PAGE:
Wednesday, May 23, 2012

Concierge Medicine for the Masses
Call it concierge medicine for the masses. The idea is that routine, mundane primary care should not require expensive insurance and can be cheaper without it.
Ryan Williams,  “Primary Care at $54 a Month,” New York Times, May 21, 2012
May 23. 2012 -  Rain-soaked Seattle is America’s leading innovation center.  Microsoft, Amazon, and Starbucks started there.    It must be the climate.   When you're inside escaping from the rain,  you have plenty of time to think,  tinker, and weed out the clinkers.

This innovative climate extends to health care as well. Simple Care, a network of primary care practices across the U.S. began there.  So did Qliance, Inc,  founded by Dr. Garrison Bliss, a Seattle internist, who also co-founded the Direct Primary Care Coalition, which lists more than 60 Direct Primary Care Medical Homes in U>S. in 24 states.
What follows are excerpts of an article in the May 21 New York Times describing how Qliance operates.
"On the road 50 hours a week, the drivers who work for Becker Trucking, headquartered in Seattle, have little trouble finding cheap eats at the all-night diners lining the interstates of the Pacific Northwest.

But many drivers were struggling with chronic poor health, and the company’s health costs were rising fast. What his employees really needed, the company president realized, was better access to doctors.

So he turned to a novel solution. Becker pays $54 per employee per month to a primary care provider called Qliance. Employees get unlimited doctor visits, 24-hour e-mail access to the medical staff, and same-day or next-day appointments. There is no insurance involved in their primary care: no expensive premiums, no complicated claims, no mysterious denials.
“Drivers are notorious for not being the best in using health care,” said Frank Riordan, president of Becker Trucking. “But now they can go into the clinic as many times as they want, and participation is high.” Two drivers no longer need blood pressure medication, Mr. Riordan added.

This type of health care model is called direct primary care, and it is getting a closer look not just from businessmen like Mr. Riordan, but also from researchers and government officials who see it as an effective way to lower costs.
“It is a very promising and good model,” said Dr. Arnold Milstein, a professor of medicine at Stanford University and head of the Stanford Clinical Excellence Research Center. “It is speedy and economical, and these practices are making themselves available to working people.”
Direct primary care derives from an unlikely source: the so-called concierge practices that began appearing a decade ago, catering primarily to the affluent. Concierge practices generally do not accept insurance, either; instead, members are charged thousands of dollars annually for unlimited access to their doctors.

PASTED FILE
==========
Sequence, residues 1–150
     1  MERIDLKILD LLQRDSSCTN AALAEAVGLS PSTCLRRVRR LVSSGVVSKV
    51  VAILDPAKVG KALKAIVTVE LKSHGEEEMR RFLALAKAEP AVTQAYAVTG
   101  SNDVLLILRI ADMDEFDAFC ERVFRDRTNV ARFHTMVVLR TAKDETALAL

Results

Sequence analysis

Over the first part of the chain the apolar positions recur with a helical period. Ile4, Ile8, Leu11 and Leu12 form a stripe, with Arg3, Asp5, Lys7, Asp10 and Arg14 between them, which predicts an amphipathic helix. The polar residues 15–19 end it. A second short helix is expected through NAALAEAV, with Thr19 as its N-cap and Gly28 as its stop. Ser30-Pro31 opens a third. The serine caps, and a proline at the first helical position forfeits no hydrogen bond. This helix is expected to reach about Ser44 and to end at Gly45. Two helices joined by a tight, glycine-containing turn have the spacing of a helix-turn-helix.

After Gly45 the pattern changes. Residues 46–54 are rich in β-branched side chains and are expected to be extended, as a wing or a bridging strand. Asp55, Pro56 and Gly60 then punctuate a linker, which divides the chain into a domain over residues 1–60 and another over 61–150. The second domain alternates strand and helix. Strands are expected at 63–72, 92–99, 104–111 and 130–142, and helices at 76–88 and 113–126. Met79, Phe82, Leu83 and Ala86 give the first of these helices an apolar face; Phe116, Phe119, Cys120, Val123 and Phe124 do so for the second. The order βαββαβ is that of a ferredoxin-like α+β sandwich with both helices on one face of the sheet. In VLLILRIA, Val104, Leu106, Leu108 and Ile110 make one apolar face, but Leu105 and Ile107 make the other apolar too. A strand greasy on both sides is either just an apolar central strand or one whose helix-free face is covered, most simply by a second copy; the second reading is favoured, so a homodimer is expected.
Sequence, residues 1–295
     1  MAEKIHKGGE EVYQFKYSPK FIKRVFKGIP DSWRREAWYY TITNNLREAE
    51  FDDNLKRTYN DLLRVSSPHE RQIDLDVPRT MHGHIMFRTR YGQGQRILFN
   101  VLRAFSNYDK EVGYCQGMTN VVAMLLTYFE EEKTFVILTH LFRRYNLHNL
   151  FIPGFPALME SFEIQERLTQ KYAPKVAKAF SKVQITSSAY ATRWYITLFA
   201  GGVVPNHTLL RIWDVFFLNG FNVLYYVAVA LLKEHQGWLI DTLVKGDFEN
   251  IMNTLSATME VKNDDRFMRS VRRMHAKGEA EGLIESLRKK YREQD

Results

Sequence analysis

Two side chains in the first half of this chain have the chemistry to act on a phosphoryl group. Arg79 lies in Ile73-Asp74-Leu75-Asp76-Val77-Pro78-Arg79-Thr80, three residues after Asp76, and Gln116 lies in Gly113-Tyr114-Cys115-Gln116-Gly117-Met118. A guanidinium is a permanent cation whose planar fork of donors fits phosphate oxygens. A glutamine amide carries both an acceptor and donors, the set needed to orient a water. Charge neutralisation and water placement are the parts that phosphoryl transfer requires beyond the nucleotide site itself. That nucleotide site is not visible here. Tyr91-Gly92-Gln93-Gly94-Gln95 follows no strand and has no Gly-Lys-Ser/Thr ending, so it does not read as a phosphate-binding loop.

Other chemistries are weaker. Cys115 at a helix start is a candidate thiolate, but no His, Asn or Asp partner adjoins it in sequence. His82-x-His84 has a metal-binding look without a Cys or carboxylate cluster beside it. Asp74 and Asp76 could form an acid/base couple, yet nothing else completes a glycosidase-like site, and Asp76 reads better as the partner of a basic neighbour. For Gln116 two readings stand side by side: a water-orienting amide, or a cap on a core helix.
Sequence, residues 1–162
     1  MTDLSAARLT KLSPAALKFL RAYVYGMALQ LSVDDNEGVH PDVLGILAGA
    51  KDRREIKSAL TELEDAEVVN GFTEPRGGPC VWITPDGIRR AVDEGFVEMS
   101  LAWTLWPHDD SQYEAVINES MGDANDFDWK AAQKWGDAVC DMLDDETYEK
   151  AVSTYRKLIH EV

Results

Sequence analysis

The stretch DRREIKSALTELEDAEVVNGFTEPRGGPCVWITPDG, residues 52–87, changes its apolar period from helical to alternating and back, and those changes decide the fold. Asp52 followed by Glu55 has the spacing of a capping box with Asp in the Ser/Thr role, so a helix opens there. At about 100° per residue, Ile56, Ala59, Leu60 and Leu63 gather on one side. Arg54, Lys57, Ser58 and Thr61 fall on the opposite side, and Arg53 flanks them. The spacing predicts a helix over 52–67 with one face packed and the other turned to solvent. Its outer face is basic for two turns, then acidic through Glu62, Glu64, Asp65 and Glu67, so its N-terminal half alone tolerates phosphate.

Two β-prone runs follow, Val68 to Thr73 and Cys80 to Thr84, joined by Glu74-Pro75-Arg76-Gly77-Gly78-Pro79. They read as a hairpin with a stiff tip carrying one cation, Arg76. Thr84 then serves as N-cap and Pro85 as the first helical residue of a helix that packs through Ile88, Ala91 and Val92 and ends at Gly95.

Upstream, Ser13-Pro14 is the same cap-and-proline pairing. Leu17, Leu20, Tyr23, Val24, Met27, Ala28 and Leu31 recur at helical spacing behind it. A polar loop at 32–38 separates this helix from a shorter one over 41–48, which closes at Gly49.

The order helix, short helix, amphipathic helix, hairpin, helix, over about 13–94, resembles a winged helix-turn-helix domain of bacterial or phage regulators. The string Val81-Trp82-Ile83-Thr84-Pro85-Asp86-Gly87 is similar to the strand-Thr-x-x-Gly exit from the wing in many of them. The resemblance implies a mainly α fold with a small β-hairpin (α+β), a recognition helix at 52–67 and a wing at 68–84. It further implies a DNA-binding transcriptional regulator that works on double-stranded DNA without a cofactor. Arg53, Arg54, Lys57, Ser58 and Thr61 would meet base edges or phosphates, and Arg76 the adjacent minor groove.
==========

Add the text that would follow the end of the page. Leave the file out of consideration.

The setup often is lucrative for doctors but “less accessible to patients who cannot or choose not to pay a membership fee,” according to a federal report issued in 2005.
“The concierge model carries a lot of baggage in being health care for the wealthy,” said Dr. Erika Bliss, a family physician and Qliance’s chief executive. “We want to grow this and bring the price point down to average Americans.”
But the fee does not cover anything beyond primary care. Typically employers combine direct primary care with high-deductible insurance plans, needed to cover hospitalizations and visits to specialists.
Health insurance is supposed to protect you against risk, like car insurance does,” said Dr. Bliss. “We don’t insure our cars for tire changes and tune-ups.”
Even though Becker pays Qliance for primary care and pays half of each worker’s $5,000 annual deductible for insurance, the company’s costs dropped 11 percent in 2010. Costs had been rising about 14 percent annually, Mr. Riordan said.
Doctors who work for Qliance are salaried, Dr. Bliss said, reducing the financial incentive to order unnecessary tests. Direct primary care practices keep costs low by sidestepping the bureaucracy associated with insurance and reducing unnecessary and expensive trips to the hospital or emergency room, she said.
Direct primary practices are also less likely to refer to a specialist for something they can handle themselves, Dr. Milstein said.
Such practices already operate in 24 states, treating more than 100,000 patients, according to the Direct Primary Care Coalition. Physicians at Qliance, one of the larger practices, will care for more than 10,000 patients this year, double last year’s number. Another provider, MedLion, headquartered in Monterey, Calif., plans to open clinics in Miami, New Mexico and Oregon, according to the company’s chief executive, Dr. Samir Qamar.
Clients tend to be individuals without insurance, small businesses and unions."
Tweet:  Direct primary care practices, like Qliance in Seattle, charge $50 to $60 a month for 24/7 access to  routine primary care.

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